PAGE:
Developing an Alternative Water Supply Strategy for the City of Plantation, Florida

Authors:

  • Courtney Skinner, Hazen and Sawyer, P.C.
  • Michael Wengrenovich, Hazen and Sawyer, P.C.
  • Hank Breitenkam, City of Plantation

The South Florida Water Management District (SFWMD) has determined that traditional water supply sources will not be sufficient to meet the demands of a growing population and needs of the environment, agriculture and industry over the next twenty years. Significant changes were made to the Florida Statutes (F.S.) in 2005 to improve coordination of water supply and land use planning. Senate Bills 360 and 444 that followed served strengthen the linkage between the regional water supply plans prepared by the water management districts and comprehensive plans prepared by the local governments. Consequently, the City of Plantation and other utilities within the Lower East Coast (LEC) Planning Area must prepare and submit a 10-year water facilities work plan as a part of the local government’s comprehensive plan amendments in order to comply with the current provisions of Chapter 163, F.S. and the Florida Department of Community Affairs (DCA).

The Lower East Coast Water Supply Plan 2005-2006 Update was approved by the SFWMD in February 2007 and encouraged development of alternative water supply projects in the wake of uncertainty concerning the availability of water from the regional system. Accordingly, the SFWMD also adopted the Regional Water Availability Rule (RWAR) in February 2007 limiting the amount of water that can be withdrawn from the Biscayne Aquifer for future water supply. The requirements contained in the Regional Water Availability Rule state that future withdrawals from the Biscayne Aquifer may not exceed the maximum quantity of water withdrawn during any consecutive twelve month period during the five years preceding April 1, 2006. Based on restrictions identified in the Regional Water Availability Rule, the City of Plantation raw water allowance from the Biscayne Aquifer is capped at 17.4 mgd annual average daily flow (AADF). Therefore, the development of alternative water sources is critical for the City of Plantation and other communities within the LEC Planning Area to ensure adequate water supply to satisfy growing demands.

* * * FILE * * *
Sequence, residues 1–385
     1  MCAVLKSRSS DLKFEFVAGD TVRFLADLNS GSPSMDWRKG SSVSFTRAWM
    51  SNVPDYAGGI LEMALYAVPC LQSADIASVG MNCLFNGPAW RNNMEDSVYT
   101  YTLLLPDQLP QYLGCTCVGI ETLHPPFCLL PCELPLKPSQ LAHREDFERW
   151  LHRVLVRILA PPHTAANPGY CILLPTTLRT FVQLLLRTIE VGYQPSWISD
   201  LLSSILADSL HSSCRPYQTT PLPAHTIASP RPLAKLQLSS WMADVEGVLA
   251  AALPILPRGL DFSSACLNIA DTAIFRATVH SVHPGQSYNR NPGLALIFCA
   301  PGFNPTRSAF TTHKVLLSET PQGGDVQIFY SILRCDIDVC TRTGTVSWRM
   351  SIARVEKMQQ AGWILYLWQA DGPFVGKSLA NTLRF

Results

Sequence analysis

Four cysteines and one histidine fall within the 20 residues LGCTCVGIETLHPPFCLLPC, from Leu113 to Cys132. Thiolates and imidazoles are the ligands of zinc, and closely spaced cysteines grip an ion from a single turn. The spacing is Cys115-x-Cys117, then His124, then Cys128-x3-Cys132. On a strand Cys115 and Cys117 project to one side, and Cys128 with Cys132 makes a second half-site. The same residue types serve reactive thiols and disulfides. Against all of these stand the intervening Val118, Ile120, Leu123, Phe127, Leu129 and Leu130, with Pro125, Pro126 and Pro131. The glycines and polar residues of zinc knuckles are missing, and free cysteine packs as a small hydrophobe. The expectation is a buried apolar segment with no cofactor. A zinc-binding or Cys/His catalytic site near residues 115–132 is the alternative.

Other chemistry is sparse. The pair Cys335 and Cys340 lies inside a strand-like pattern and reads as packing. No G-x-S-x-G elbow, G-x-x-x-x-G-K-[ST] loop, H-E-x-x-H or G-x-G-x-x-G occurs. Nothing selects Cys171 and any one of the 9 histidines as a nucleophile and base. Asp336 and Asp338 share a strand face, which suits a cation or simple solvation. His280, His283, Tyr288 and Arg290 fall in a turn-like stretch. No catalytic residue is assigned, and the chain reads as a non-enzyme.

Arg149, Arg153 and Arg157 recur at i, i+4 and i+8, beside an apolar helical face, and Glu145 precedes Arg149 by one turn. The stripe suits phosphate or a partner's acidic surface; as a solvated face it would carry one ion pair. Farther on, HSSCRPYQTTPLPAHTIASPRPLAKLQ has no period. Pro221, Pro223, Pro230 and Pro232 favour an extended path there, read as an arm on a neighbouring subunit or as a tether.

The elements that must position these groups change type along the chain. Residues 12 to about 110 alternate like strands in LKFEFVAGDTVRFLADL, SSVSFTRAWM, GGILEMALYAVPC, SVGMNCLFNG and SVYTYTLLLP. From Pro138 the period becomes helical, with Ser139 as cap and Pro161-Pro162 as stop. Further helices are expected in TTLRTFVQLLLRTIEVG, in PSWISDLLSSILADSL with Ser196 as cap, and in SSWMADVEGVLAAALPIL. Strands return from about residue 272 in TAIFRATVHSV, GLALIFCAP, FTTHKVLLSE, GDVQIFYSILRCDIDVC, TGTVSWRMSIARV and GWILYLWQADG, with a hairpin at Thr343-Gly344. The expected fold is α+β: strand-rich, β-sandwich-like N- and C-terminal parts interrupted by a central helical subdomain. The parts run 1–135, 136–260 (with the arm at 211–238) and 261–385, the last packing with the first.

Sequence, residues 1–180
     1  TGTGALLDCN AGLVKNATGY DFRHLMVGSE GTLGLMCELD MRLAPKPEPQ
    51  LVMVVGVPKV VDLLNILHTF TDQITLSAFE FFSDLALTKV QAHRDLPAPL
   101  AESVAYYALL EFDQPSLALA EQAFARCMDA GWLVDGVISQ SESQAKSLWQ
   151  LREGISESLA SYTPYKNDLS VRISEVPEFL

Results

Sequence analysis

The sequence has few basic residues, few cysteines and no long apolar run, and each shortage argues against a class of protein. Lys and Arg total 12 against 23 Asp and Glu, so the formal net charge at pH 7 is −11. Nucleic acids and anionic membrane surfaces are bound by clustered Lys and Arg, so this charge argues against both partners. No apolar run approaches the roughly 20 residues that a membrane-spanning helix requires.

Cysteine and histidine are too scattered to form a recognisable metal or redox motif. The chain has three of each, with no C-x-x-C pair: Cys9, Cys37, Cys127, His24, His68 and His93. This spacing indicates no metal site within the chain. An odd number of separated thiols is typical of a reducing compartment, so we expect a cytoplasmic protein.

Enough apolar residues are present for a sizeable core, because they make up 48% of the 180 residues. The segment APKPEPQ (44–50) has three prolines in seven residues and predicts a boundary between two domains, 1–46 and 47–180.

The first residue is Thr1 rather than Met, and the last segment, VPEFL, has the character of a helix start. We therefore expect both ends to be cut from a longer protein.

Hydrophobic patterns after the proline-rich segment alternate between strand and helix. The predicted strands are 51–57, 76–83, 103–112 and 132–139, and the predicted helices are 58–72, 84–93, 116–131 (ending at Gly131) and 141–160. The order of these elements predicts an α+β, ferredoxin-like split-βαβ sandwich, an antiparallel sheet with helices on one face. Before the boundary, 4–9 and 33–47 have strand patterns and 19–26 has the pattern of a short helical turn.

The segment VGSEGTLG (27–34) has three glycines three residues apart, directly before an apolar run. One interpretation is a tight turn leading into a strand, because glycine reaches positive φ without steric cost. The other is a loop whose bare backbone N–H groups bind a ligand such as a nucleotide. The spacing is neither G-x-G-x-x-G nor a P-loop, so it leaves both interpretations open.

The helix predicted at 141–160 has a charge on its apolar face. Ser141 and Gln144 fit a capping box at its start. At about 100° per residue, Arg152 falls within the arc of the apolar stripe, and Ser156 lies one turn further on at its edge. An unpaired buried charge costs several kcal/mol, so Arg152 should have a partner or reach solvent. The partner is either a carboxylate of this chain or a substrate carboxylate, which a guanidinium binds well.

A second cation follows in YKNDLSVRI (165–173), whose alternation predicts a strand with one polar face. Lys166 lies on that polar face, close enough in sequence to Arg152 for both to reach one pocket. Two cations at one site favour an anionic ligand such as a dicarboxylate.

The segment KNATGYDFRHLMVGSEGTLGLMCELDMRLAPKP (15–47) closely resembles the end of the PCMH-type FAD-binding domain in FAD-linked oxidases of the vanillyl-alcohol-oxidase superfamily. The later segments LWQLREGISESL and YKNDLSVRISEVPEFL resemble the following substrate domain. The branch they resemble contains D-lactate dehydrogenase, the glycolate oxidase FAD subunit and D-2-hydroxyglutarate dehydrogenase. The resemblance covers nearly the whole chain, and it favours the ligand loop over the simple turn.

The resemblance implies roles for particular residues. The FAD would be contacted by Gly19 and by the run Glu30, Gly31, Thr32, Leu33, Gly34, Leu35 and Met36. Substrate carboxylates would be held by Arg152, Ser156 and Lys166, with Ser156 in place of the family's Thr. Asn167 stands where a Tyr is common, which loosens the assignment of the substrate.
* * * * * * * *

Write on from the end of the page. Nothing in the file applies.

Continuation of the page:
The City of Plantation has examined several options to address water supply needs over the next ten and twenty-year planning periods. Several alternative water supply projects were considered in this analysis to address the water deficit, or demand-not-met for the year 2018 for developing the 10-year water supply facilities work plan. Projects that were investigated include developing the brackish Floridan Aquifer through the use of reverse osmosis treatment (RO), enacting water conservation program(s), providing for surface water (canal) recharge through the use of advanced wastewater treatment (AWT), and supplying local golf courses with reclaimed water through the use of tertiary treatment (high level disinfection standards). The intent of this paper is to examine each of the alternative water supply projects (as well as combinations) in the context of feasibility and associated cost / energy consumption in order to arrive at a recommendation for the project best suited for implementation at the City of Plantation.

For a copy of the full paper, please contact the author at cskinner@hazenandsawyer.com

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